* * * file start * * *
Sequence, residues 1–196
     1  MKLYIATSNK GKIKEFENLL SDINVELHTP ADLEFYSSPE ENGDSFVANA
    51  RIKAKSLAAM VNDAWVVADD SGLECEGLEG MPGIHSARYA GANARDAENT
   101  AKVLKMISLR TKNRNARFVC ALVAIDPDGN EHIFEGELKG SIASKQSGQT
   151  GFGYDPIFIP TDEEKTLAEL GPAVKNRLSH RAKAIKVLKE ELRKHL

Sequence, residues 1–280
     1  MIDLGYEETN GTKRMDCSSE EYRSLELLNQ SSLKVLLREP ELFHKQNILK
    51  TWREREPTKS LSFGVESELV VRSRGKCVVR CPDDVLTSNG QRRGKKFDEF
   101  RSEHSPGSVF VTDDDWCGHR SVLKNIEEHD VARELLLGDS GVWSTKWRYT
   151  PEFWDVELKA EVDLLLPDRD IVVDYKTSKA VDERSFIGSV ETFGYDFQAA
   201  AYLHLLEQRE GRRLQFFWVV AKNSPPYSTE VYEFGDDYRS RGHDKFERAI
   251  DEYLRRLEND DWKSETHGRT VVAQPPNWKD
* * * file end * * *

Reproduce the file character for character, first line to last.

Sequence, residues 1–196
     1  MKLYIATSNK GKIKEFENLL SDINVELHTP ADLEFYSSPE ENGDSFVANA
    51  RIKAKSLAAM VNDAWVVADD SGLECEGLEG MPGIHSARYA GANARDAENT
   101  AKVLKMISLR TKNRNARFVC ALVAIDPDGN EHIFEGELKG SIASKQSGQT
   151  GFGYDPIFIP TDEEKTLAEL GPAVKNRLSH RAKAIKVLKE ELRKHL

Sequence, residues 1–280
     1  MIDLGYEETN GTKRMDCSSE EYRSLELLNQ SSLKVLLREP ELFHKQNILK
    51  TWREREPTKS LSFGVESELV VRSRGKCVVR CPDDVLTSNG QRRGKKFDEF
   101  RSEHSPGSVF VTDDDWCGHR SVLKNIEEHD VARELLLGDS GVWSTKWRYT
   151  PEFWDVELKA EVDLLLPDRD IVVDYKTSKA VDERSFIGSV ETFGYDFQAA
   201  AYLHLLEQRE GRRLQFFWVV AKNSPPYSTE VYEFGDDYRS RGHDKFERAI
   251  DEYLRRLEND DWKSETHGRT VVAQPPNWKD